South Island return confirmed for 2022 Toyota Racing Series
Plans are taking shape for the 18th season of the Castrol Toyota Racing Series and TOYOTA GAZOO Racing NZ has this week confirmed the championship will begin mid-January and will include a return to the South Island.
The 67th New Zealand Grand Prix will also once again be the feature event of the championship and once final discussions and planning with promoter Speedworks Events and MotorSport New Zealand have concluded, selected circuits will be confirmed.
“We are open for business for 2022 and inviting drivers at home and abroad to get their expressions of interest to us nice and early,” explained Category Manager Nicolas Caillol.
“Things are taking shape nicely and we are very much looking forward to a South Island return. The FT60 fleet is currently in preparation for the 2022 season with all cars undergoing full engine and gearbox rebuilds for what will be their third season – and second full season – of racing.
“We are also running regular test days for New Zealand and Australian drivers who are looking to take part. So it’s all go for 2022.”
The championship will again be a recognised event with MBIE and with a year’s worth of MIQ process development behind the country, it is expected there will be a number of drivers from the international junior formulae scene keen to travel to New Zealand and go through an MIQ process before taking part in the championship.
“There’s no shortage of interest and we have a much longer run in period this year so we are very confident we’ll have a number of internationals in addition to drivers from Australia, who will hopefully be able to travel quarantine-free to New Zealand,” added Caillol.
The highlight of the 2021 COVID-shortened season was an historic 66th New Zealand Grand Prix at Hampton Downs won by Shane van Gisbergen. The event proved to be a massive hit with fans and drivers, with even more interest in the 2022 event.
“The Grand Prix was watched all over the world in 2021 and that was good for the championship’s future as a whole,” said Caillol.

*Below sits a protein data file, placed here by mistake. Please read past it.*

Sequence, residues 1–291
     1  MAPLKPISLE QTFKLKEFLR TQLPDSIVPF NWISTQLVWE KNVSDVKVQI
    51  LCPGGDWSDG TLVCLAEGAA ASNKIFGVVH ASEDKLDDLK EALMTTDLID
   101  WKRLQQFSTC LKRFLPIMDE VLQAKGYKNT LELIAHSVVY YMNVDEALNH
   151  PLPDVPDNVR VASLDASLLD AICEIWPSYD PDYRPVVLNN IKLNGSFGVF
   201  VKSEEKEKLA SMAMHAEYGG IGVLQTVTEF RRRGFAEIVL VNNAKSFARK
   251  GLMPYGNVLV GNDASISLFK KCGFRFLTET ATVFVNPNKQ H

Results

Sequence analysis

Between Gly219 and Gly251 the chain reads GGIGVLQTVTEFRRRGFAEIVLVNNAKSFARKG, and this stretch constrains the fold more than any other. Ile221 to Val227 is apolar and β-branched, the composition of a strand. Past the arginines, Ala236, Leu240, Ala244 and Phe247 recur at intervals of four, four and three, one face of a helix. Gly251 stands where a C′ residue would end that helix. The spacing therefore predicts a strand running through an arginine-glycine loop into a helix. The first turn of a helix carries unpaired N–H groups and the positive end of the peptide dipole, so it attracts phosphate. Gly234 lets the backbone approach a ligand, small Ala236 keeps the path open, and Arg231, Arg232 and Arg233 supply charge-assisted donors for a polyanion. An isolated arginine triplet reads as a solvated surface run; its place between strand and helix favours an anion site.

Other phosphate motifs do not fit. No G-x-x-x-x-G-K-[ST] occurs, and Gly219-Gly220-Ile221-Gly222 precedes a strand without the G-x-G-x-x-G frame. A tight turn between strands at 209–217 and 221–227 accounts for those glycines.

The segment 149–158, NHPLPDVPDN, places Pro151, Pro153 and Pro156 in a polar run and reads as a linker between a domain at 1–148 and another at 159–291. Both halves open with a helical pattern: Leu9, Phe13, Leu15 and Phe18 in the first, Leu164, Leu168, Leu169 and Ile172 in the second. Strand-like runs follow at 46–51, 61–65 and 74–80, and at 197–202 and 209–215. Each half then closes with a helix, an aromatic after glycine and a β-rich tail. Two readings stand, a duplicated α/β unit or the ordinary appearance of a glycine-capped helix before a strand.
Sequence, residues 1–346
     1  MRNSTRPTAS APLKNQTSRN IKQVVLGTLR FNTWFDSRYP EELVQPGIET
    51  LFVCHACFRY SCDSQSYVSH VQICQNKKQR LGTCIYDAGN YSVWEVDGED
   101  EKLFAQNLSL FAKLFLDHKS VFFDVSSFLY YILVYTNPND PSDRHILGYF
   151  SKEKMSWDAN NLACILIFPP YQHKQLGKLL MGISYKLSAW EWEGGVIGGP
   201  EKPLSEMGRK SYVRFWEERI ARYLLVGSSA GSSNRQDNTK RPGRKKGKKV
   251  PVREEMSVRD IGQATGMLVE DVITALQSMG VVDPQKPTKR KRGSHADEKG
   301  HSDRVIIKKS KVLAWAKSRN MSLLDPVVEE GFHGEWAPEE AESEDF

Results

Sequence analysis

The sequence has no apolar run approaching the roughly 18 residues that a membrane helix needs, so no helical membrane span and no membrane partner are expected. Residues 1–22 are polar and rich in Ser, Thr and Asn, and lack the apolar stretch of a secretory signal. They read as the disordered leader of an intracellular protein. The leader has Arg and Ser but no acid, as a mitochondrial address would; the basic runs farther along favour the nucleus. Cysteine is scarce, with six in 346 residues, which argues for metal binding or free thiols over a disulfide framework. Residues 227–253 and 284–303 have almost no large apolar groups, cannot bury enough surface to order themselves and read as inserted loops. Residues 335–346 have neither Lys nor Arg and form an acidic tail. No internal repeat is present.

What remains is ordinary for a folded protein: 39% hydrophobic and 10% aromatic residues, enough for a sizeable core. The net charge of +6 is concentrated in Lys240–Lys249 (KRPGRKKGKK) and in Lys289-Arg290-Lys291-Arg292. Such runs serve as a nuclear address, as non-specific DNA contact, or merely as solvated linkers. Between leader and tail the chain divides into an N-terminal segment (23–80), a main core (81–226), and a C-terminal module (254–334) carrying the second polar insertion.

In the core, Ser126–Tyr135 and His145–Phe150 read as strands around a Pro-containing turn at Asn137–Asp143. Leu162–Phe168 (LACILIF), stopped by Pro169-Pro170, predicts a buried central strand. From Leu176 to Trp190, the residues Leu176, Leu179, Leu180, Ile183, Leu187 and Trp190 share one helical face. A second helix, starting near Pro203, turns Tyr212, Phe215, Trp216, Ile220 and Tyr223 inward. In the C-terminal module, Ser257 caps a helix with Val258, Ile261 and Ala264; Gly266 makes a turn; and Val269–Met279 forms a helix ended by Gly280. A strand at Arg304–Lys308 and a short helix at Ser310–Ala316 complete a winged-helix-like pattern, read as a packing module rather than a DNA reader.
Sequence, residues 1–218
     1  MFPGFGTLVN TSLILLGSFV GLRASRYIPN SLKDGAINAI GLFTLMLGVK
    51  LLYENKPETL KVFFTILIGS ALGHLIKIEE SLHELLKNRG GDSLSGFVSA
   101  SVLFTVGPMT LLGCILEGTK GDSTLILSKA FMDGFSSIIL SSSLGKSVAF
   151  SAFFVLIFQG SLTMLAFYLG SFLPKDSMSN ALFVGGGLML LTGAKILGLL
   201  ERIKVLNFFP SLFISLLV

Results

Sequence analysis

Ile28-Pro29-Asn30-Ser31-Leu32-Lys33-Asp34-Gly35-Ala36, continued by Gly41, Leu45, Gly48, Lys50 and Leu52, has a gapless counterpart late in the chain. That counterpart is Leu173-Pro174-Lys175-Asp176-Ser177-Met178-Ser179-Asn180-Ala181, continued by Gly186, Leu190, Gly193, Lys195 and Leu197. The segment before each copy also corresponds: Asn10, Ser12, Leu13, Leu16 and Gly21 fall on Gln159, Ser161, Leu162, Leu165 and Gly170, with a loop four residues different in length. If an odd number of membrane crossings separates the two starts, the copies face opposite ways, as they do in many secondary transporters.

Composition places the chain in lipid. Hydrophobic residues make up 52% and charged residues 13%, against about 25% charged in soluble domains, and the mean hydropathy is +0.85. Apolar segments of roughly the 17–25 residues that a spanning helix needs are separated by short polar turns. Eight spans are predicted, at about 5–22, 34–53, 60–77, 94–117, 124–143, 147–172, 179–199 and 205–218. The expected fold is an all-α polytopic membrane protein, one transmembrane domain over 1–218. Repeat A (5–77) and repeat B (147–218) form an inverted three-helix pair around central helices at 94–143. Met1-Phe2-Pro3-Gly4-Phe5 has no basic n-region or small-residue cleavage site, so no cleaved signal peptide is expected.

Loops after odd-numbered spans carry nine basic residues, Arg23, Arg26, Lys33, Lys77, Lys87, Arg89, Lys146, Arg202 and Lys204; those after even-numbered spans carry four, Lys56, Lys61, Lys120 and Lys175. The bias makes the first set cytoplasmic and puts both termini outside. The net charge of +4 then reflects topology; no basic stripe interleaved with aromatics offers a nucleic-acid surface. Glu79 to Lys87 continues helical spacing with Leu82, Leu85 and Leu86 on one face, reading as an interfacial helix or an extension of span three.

“Combined with the relative normality of life in New Zealand compared to the rest of the world, TRS remains – perhaps even more so in the current global climate – the best way to prepare for the main season with a competitive winter series. It is still the best value mileage for budget FIA recognised championship on offer during the off-season for European and American drivers.
The championship has FIA Super Licence points on offer and a stellar record in hosting drivers who have gone on to either test or race in the Formula One World Championship. No fewer than seven former graduates of the championship will be in action at this weekend’s Austrian Grand Prix – former champs Lando Norris and Lance Stroll, Yuki Tsunoda, Nicholas Latifi and Nikita Mazepin as well as practice session debutants Callum Illott and Guanyu Zhou.
Thomas Randle is the most recent TRS champion to secure a full-time drive in Supercars, which also includes other graduates such as 66th NZ Grand Prix podium finishers Shane van Gisbergen and Andre Heimgartner plus Macauley Jones and Scott Pye who completed previous full seasons. With TRS drivers able to score 10 of the 13 required Super Licence points towards the Supercars championship, NZ’s top domestic motorsport championship remains an attractive pathway to the Australian main-game.
Former TRS drivers have also made the grade impressively in the US motorsport scene, with Santino Ferrucci carving out a career in IndyCar and Spike Kohlbecker, Billy Frazer and Peter Vodanovich all currently racing in USF2000 as part of the Road To Indy programme – with which the Castrol TRS category has an active partnership.